I would not manually enter dates into the schedule. I would still allow for the dates to schedule based on your network logic. Since your duration goes out for an extended period in time, I would make the schedule fixed duration. Load your duration planning values, such as 200 days, load your resources, then load your work planning values. Your resources' utilization will reduce to a very low percentage.
This, however, gives the appearance that your resources are performing work on those tasks every business day at a rate of minutes a day when, in fact, a they may not touch the work for several weeks. When you are reporting to this kind of baseline, it will appear that work should progress evenly across time but actual work will jump in steps. This could be awkward to explain and analyze.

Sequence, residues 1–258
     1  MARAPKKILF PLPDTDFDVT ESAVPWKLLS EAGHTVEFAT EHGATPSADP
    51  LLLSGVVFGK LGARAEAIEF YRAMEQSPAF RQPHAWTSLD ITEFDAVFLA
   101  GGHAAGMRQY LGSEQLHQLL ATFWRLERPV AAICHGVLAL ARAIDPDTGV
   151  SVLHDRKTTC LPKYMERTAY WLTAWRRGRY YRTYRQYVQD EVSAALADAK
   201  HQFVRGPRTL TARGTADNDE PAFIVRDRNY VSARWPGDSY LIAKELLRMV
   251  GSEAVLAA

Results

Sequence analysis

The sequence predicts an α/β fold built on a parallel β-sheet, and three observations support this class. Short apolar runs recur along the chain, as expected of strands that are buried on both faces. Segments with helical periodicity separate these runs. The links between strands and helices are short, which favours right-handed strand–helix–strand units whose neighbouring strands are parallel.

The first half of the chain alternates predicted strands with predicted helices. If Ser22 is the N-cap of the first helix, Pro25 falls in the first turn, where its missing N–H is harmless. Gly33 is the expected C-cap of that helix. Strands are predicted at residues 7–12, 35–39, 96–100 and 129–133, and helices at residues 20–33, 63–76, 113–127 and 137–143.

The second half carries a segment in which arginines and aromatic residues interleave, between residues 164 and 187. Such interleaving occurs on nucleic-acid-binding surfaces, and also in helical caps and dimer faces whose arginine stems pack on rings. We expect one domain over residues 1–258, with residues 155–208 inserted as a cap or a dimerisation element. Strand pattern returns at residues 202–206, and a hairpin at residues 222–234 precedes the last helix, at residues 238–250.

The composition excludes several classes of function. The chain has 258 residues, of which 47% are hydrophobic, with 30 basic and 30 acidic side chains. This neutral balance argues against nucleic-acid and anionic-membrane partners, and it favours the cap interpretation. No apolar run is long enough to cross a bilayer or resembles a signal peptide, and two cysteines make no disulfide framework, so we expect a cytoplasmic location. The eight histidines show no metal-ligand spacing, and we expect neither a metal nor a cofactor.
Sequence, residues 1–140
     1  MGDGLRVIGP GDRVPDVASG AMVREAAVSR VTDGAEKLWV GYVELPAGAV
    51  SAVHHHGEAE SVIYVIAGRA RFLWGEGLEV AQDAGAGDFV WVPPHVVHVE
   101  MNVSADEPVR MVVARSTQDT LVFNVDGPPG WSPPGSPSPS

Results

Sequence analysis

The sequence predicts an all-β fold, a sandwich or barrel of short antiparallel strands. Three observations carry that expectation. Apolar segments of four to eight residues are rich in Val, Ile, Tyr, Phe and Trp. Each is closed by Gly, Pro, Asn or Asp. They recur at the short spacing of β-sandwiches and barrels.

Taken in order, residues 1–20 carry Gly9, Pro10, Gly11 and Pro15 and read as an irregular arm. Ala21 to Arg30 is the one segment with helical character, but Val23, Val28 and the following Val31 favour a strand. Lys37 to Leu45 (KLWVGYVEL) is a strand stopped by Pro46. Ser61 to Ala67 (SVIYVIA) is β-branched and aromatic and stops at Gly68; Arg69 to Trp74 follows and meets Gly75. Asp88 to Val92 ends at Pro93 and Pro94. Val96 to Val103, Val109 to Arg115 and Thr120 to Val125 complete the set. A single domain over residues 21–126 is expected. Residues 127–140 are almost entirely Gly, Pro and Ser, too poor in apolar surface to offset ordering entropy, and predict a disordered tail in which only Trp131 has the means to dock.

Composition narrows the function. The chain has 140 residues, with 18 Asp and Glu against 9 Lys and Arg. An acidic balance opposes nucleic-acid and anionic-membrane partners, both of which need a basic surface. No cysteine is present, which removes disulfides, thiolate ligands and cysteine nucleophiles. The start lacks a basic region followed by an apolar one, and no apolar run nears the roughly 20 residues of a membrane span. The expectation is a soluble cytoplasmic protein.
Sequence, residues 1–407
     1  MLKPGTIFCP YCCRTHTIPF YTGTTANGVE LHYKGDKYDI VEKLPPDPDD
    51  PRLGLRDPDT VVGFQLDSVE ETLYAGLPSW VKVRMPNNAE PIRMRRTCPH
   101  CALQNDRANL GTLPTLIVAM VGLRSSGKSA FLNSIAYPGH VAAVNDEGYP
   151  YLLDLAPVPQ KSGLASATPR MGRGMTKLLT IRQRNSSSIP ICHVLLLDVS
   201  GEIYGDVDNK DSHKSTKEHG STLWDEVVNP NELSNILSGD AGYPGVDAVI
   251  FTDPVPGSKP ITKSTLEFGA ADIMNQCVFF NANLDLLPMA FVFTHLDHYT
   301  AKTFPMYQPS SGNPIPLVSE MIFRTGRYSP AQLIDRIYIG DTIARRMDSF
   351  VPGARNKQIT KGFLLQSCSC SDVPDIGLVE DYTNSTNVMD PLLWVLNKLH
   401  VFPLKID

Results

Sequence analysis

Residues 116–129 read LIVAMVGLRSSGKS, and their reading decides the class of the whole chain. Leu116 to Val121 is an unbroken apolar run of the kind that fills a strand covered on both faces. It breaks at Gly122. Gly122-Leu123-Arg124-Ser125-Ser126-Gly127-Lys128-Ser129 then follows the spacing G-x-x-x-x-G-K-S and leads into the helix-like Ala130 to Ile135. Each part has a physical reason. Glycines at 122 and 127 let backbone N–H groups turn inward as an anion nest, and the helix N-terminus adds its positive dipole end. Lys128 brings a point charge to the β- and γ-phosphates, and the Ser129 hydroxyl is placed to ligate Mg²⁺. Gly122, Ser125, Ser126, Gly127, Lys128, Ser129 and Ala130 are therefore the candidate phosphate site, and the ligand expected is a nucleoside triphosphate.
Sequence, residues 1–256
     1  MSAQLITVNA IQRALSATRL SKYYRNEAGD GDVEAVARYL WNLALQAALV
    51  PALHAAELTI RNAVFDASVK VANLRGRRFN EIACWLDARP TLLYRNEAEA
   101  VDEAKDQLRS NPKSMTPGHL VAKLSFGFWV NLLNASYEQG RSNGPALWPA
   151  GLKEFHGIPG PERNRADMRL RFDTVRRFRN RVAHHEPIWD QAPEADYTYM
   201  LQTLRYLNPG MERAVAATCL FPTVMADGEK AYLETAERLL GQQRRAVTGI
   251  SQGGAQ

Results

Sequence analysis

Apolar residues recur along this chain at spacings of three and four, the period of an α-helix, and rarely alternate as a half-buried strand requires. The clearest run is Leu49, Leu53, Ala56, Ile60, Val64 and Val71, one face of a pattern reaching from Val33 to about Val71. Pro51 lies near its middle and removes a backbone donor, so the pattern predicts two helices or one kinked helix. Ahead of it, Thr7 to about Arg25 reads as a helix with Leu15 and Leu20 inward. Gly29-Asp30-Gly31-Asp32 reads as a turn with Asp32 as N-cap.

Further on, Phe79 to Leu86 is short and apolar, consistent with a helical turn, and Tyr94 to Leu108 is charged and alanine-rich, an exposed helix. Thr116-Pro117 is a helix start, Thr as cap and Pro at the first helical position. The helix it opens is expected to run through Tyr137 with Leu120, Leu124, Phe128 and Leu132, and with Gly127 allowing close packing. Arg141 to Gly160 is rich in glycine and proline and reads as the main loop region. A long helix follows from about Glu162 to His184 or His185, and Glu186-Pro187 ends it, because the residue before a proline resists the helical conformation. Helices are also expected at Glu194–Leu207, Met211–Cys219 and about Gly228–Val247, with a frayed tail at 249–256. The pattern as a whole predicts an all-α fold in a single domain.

Instead, you can split the tasks across time. In other words, your planning values might be 200 hours of work and 30 days of duration but 200 days in calendar time. So you would manually split the 30 days of duration x number of times across the 200 days. This might mean you would load work days every Monday and Tuesday, then split the work so it does not start up again until the next Monday, and so on. That would require a ton of assumptions, however, and would take quite some effort to get these tasks scheduled, especially if you have a complex, large schedule with many work packages and resources.